I was lying flat on my back with my head resting on a sand pillow. I couldn’t sleep, I was jittery as I kept an eye on the tip of my rod. My line in the water should have been taken out hours ago, but being mister optimistic, I was hoping for one more pull. The incredible view above was the night sky with millions and millions of stars. Every now and then the night would lit up as a shooting star decided to bless us with it’s presence. Personally I don’t wish upon a star, I pray upon a star. Every time I see a shooting star I say thank you, just thank you, thank you for my wife, my baby girl, work, fishing, friends, everything! And then I sort of mumble that a fish now would be great…
The only formations I could make out was the milky way, southern cross and the three sisters. That’s anyway all I can remember from my days as a Voortrekker (we were called the baboons). I knew there should be a Scorpion and Capricorn amongst them but I reckon the only way you can see them is by smoking something a bit “stronger” than a Camel.
My glowstick slowly bobbled up and down as the waves gently pulled on my line. Every now and then there was a more intense hop on the glowing police man at the tip of my rod. I knew by then it was just another barbel trying to swallow the big chokka & mullet combo that I prepared for them.
Earlier, before it became completely dark, the fishing was truly amazing! We arrived at our spot at about 16:00 and started preparing our rods and baits. The frozen blood worm wasn’t fully defrosted yet, so my Poseidon Light and Fathom 15 was loaded with a wonder worm and prawn combo. This is a deadly bait, in fact any worm and prawn combo usually gets a pull.
It was quiet for the first hour and a half with the odd small Sand Cracker or Banjo coming out. But then an hour before sunset the party started. I don’t know if it had something to do with the sunset (19:15) and low tide (19:30) coinciding but it was ON. No hanna hanna either, as soon as your bait hit the water you had inquiries. On a couple of occasions I would wade a little, cast and as I was walking back my rod would dip. I landed 5 Steenies and 3 Kobbies with the biggest fish weighing 8kg, in the space of 2 hours. It was absolutely fantastic chaos!
As soon as the sun went down, the barbel started biting. I tried everything from floating my bait to other baits but with every gooi I hooked into another barbel. They were even more aggressive than the “real” fish earlier, there seemed to be thousands of them. The only thing that really worked was a big chokka bait on a dingle dangle with a 6’o circle hook. This seemed to work since they couldn’t swallow the bait, and I was hoping a bigger fish would chase them away and give me a pull. I don’t know if my tactic really worked since I still foul hooked a couple, but at least it frustrated them just as much as they frustrated me!
If only we had livies! The only real counter to crazy critters is live bait. Earlier we decided to leave the cast net in the bakkie because we wouldn’t need it… Ja right. It wasn’t the greatest decision and was made worse by all the mullet in the sea. There was literately hundreds of them. On one occasion when I walked in to cast I even saw a big Eagle ray chasing after them!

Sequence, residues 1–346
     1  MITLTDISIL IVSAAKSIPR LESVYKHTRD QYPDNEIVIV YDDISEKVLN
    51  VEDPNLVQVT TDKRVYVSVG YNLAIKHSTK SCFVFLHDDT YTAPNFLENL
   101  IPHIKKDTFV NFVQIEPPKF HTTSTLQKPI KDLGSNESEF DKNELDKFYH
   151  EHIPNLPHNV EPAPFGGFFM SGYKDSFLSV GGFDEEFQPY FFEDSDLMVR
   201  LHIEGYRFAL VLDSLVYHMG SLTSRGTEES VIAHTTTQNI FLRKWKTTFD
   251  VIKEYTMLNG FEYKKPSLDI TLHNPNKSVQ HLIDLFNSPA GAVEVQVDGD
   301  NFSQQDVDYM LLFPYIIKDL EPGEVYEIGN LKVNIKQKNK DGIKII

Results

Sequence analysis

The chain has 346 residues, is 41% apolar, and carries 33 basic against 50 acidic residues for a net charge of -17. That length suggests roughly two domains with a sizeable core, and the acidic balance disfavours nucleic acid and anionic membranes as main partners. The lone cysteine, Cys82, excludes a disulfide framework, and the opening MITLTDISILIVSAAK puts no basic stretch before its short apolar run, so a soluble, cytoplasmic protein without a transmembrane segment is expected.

One of the troops actually carried a bucket and the one livie he caught earlier all the way to the fishing spot. Within 30 minutes of casting his rod he went flat. After a brief fight a medium sized Spotty was landed. It’s sort of bitter sweet when you target Kob and a Sweet William gives you a pull. They fight amazing but they aren’t exactly what you are looking for.
As I was lying on my backside I couldn’t help but think how privileged I am, how privileged we all are. In between all the crazy things that goes on in our world, we can still take a slight drive and escape everything for a few hours. Here I was lying with the only thing bothering me being silly little sand lice chowing on my big toe and the roaring snoring of my fellow troops. What a life!
I started falling asleep with the mesmerizing rhythm of the ocean, and my eyes only seemed shut briefly when my Fathom 30 started moaning. I was up and widely awake in no time, the rest of the crew was still half asleep, but my mad shouting and screaming sorted that out ASAP. I knew I was in trouble when I picked up the rod, it was heavy and line was disappearing off my reel at a steady pace. The fish briefly stopped, huffed and puffed, and then proceeded by blowing all hope of landing it down. He dropped a gear and decided there is no more “Mr Nice Guy”! Is there any sound better than line peeling from your reel?
I don’t know, a fight always feel longer to me than it actually is, but I reckon about 15 minutes into the fight my rod suddenly jerked back. The .55 hook snood shaved through on something. I know, I know, should have used a thicker hook line, but I didn’t expect hooking into a submarine. The fight reminded me of the Diamond rays that I have caught in the Breëde and I’m thinking it must have been some sort of big flat fish. Although I was disappointed I could’t really complain after all the action I had only a few hours earlier.
The next morning the fish seemed to be off the bite, not even the barbel was interested. One of the troops got stuck into something that gave him a nice workout and we were all really happy to see a bigger, 5kg Steenie flapping on the sand. The rest of the morning didn’t produce anything and at 8:00 we decided to call it a day and take the long walk home. (Note to self, don’t ever try and carry any fish more than 5kg for a couple of km on soft sand)
Have a good one!